A Merrick doctor was found guilty Wednesday of causing the overdose deaths of two Nassau residents by illegally prescribing them oxycodone, federal prosecutors and his attorney said.
Michael Belfiore, who practiced in Merrick but lived in Westbury, was taken into custody after a five-week trial in the Central Islip court of U.S. District Judge Joseph F. Bianco, officials said, and faces a mandatory minimum sentence of 20 years in prison and $10 million in fines.
Jurors found him guilty of two counts of illegal distribution of oxycodone, causing the deaths of two patients, and 26 counts of illegal distribution of oxycodone, prosecutors said, adding that Belfiore traded cash for writing prescriptions for the powerful opioids.
“Dr. Belfiore was acting not as a healer but as a drug dealer with a prescription pad,” said U.S. Attorney for the Eastern District Richard P. Donoghue. “The defendant lined his pockets with cash from patients in exchange for illegally prescribing oxycodone, a particularly dangerous and addictive drug, with lethal results.”
Belfiore’s attorney, Thomas Liotti of Garden City, said he has already asked the judge to set the verdict aside.
“It’s disappointing,” he said of the jury’s decision. “But we’re going to continue this fight and get justice. We’re definitely going to be appealing . . . and we have every reason to believe the verdict should be set aside because it’s contrary to the evidence in the case.”
Prosecutors said Belfiore wrote thousands of 30-milligram prescriptions for oxycodone, sometimes at a rate of up to 180 pills per month.
“From the time he was arrested to today’s conviction, it was abundantly clear that Dr. Belfiore’s actions were not those of a medical doctor, but those of a drug dealer,” said Drug Enforcement Administration Special Agent-in-Charge James J. Hunt. “Lives were lost at the hands of Dr. Belfiore, whose practice enabled addiction and overdose — both of which contribute to the current opioid crisis our nation is facing.”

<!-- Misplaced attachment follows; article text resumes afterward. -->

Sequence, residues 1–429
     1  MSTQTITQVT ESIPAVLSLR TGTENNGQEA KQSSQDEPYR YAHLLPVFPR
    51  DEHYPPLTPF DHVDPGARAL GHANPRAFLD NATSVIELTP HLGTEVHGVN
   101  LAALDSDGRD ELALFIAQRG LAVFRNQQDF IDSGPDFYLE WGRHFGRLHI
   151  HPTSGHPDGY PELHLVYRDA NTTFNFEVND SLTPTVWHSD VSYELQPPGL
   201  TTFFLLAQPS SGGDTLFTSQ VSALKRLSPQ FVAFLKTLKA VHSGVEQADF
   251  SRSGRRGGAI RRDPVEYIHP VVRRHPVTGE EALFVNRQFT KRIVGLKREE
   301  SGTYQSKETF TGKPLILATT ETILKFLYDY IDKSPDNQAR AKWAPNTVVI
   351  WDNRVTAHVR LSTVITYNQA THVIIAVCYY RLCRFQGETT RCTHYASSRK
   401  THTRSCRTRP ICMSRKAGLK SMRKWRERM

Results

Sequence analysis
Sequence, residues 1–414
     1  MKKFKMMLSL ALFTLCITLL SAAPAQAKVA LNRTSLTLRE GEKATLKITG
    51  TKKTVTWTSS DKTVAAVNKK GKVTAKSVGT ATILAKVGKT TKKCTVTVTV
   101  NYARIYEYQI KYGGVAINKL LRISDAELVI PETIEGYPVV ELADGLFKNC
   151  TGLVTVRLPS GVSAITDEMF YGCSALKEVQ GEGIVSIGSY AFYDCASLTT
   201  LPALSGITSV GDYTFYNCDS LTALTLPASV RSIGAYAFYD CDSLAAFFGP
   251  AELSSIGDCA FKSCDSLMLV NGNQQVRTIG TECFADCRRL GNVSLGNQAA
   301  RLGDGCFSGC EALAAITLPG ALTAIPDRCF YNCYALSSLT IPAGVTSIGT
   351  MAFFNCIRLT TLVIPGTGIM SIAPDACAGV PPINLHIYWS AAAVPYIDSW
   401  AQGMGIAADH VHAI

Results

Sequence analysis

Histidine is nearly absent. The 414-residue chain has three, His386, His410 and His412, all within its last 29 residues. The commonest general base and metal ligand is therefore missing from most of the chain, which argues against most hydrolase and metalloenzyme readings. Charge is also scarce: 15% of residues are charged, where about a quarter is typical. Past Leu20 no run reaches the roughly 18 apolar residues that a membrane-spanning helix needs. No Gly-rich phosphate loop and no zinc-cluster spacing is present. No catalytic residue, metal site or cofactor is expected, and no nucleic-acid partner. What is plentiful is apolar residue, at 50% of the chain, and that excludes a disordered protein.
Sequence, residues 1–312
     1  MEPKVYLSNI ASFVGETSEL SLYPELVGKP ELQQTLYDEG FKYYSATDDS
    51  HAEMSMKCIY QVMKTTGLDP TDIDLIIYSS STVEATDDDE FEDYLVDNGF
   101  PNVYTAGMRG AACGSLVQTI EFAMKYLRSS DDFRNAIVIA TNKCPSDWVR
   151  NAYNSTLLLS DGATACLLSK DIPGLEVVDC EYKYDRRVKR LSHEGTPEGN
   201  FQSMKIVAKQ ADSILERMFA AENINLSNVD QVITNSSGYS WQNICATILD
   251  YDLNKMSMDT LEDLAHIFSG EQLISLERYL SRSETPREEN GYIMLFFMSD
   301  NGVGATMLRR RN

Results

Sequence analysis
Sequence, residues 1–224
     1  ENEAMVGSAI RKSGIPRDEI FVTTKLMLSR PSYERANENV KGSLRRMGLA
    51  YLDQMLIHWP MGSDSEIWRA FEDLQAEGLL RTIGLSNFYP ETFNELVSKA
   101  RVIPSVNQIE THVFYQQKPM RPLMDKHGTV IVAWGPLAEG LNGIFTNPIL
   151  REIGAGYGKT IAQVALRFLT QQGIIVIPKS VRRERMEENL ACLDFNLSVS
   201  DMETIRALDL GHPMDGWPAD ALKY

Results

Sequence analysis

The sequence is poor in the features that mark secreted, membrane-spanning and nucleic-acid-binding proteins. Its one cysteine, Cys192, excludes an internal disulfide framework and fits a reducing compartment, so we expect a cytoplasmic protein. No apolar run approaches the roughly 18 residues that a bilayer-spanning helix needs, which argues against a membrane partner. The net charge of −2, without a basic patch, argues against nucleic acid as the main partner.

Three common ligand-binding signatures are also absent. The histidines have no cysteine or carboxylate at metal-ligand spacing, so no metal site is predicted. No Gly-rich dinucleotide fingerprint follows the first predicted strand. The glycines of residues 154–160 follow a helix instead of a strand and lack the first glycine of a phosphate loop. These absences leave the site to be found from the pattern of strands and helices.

Testimony and evidence at trial convinced jurors that Belfiore gave an illegal prescription for 120 30-milligram oxycodone pills to Edward Martin, 43, of East Rockaway on Feb. 28, 2013. Martin overdosed and died in his bed on March 5 after, prosecutors said, he snorted the drug he got through Belfiore’s prescription.
And on April 12, 2013, Belfiore distributed 150 30-milligram doses of oxycodone to John Ubaghs, 33, of Baldwin, a Marine Corps veteran who served in the infantry during the war in Iraq, prosecutors said. Ubaghs was found unresponsive after overdosing the following day and was pronounced dead at a hospital.
Prosecutors said Belfiore also dispensed six prescriptions of oxycodone between March and August 2013 without a legitimate medical purpose to an undercover narcotics detective and created fake medical charts to justify those prescriptions.
The case was investigated by the DEA’s Long Island Tactical Diversion Squad, comprising agents and officers of the DEA, Nassau County police, Rockville Centre police, Suffolk County police, Port Washington police and the Internal Revenue Service.